Death and taxes might indeed be the only certainties in life. But consider that you have some control over your taxes.
You can’t plan for retirement income without taking taxation into account. Until the other inevitability comes to pass, the IRS will continue taking its share—and it can be a doozy. Retirement income planning can ease this burden substantially, if you’re smart.
Let’s look at the tax implications of a few potential retirement income sources. Keep in mind that tax laws are subject to change, and this information is only a guide; we recommend you seek guidance from a licensed tax professional.
If the ever-evolving tax laws and investment guidelines have your head spinning, remember this: you never have to pay income taxes on the same money twice.If you’ve contributed pre-tax dollars to any kind of vehicle, including a qualified annuity, or qualified retirement account, you’ll be taxed on that money eventually. Likewise, you’ll be taxed on any gains or earnings you receive from your investments. But if your retirement income is funded with after-tax dollars, then only the gains on the premium are taxable; the payout of the premium will be income tax-free.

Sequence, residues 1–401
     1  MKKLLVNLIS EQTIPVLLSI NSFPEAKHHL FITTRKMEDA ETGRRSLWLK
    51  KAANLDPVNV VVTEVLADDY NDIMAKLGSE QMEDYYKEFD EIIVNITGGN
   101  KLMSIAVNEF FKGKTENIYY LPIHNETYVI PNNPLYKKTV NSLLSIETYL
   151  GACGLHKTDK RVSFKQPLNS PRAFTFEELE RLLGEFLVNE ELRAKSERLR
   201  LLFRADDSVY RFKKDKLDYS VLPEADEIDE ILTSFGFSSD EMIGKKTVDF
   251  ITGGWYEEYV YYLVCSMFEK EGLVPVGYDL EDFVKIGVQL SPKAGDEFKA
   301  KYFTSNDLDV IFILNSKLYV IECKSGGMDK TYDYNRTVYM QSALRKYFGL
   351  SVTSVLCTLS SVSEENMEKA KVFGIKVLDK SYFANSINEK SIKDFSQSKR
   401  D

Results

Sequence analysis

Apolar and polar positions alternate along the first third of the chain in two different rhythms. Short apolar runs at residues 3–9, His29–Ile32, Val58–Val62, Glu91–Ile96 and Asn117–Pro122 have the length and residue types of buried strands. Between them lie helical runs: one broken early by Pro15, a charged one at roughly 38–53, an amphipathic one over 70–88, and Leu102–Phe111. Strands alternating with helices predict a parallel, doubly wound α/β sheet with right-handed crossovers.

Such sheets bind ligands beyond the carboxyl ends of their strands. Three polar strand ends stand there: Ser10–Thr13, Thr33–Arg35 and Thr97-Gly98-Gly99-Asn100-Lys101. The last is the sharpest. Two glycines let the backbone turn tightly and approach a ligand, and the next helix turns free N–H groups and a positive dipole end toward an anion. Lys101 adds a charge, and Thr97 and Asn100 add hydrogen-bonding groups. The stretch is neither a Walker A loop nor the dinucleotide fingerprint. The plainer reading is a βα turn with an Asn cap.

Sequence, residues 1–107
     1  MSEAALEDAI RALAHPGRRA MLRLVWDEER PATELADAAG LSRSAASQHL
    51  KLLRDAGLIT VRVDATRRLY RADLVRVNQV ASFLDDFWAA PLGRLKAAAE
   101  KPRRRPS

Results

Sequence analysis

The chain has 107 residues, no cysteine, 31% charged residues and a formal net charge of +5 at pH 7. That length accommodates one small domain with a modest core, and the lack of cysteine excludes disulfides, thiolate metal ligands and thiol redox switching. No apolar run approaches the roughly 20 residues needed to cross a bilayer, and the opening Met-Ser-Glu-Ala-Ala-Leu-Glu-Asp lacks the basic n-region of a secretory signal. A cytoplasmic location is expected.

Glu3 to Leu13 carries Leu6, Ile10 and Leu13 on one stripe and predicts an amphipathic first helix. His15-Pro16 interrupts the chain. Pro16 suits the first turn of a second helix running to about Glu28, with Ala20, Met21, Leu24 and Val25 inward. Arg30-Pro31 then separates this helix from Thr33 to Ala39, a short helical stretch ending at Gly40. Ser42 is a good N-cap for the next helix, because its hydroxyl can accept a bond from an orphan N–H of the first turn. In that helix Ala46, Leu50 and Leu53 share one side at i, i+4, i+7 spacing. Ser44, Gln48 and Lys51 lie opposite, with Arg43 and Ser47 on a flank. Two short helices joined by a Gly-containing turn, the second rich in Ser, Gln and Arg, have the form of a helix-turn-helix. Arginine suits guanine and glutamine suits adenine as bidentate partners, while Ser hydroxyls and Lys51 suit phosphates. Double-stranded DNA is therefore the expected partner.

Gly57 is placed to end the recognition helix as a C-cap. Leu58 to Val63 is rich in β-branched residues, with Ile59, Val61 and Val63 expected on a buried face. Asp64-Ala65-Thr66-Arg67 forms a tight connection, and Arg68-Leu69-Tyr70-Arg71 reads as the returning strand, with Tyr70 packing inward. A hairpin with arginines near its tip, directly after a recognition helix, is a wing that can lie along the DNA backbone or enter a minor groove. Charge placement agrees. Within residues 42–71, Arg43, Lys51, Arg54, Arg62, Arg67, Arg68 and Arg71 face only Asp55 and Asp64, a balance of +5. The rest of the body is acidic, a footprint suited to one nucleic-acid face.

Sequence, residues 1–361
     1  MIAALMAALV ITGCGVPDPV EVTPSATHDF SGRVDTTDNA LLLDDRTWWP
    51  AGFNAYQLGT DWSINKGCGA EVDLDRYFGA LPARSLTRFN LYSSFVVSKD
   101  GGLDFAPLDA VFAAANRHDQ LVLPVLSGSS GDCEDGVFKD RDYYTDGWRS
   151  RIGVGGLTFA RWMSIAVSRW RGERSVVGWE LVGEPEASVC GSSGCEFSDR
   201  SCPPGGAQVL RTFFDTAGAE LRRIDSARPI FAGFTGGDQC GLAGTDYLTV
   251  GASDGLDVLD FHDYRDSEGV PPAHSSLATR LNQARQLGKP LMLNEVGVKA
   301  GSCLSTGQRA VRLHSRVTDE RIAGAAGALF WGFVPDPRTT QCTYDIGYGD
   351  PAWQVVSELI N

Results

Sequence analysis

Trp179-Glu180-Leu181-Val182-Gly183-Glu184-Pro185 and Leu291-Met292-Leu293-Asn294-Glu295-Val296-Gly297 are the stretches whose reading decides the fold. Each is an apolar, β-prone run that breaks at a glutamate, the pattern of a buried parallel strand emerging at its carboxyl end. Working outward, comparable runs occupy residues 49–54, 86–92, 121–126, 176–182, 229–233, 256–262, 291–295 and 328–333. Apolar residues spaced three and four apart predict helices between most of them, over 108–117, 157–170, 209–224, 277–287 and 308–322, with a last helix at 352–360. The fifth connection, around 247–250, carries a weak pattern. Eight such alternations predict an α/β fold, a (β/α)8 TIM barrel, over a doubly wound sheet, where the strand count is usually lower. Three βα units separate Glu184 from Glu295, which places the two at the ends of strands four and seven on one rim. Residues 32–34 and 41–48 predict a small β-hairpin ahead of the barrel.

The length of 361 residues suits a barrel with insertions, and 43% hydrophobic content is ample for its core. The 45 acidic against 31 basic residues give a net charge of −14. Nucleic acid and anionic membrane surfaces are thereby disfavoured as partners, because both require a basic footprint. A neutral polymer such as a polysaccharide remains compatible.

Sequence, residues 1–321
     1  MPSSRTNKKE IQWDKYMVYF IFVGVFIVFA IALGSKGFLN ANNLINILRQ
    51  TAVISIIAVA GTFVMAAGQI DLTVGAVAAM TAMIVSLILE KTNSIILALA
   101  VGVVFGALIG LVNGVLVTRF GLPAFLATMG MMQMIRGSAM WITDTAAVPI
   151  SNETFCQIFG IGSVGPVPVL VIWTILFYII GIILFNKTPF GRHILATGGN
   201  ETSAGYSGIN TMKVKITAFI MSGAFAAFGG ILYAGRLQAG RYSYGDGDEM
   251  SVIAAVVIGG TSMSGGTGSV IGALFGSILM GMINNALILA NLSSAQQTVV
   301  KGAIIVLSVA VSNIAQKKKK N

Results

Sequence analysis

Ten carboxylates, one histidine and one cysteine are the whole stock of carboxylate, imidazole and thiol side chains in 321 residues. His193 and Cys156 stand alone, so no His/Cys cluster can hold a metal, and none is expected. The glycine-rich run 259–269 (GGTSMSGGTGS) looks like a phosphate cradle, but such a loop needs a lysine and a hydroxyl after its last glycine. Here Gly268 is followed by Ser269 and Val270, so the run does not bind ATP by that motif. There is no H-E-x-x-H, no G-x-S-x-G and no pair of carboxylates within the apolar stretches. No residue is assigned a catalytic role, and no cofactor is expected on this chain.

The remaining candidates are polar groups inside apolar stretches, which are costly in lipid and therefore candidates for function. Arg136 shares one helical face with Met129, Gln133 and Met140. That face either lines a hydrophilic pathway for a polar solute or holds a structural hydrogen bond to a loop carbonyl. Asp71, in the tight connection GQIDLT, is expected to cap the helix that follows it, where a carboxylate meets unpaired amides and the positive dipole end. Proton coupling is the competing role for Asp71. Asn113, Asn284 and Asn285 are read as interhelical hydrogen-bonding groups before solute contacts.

A forward-thinking tax strategy for those nearing retirement is crucial for a variety of reasons. First, it can ensure retirees have sufficient funds to support themselves throughout retirement. By reducing tax liabilities, they can keep more money, increasing savings. Secondly, a well-planned strategy helps them avoid taxes on required minimum distributions and penalties, keeping tax burdens low. Finally, a tax strategy can help pass on wealth by reducing estate taxes, providing for loved ones in the future. As such, it’s vital to work with financial advisors and tax professionals to develop a tax-efficient plan for retirement.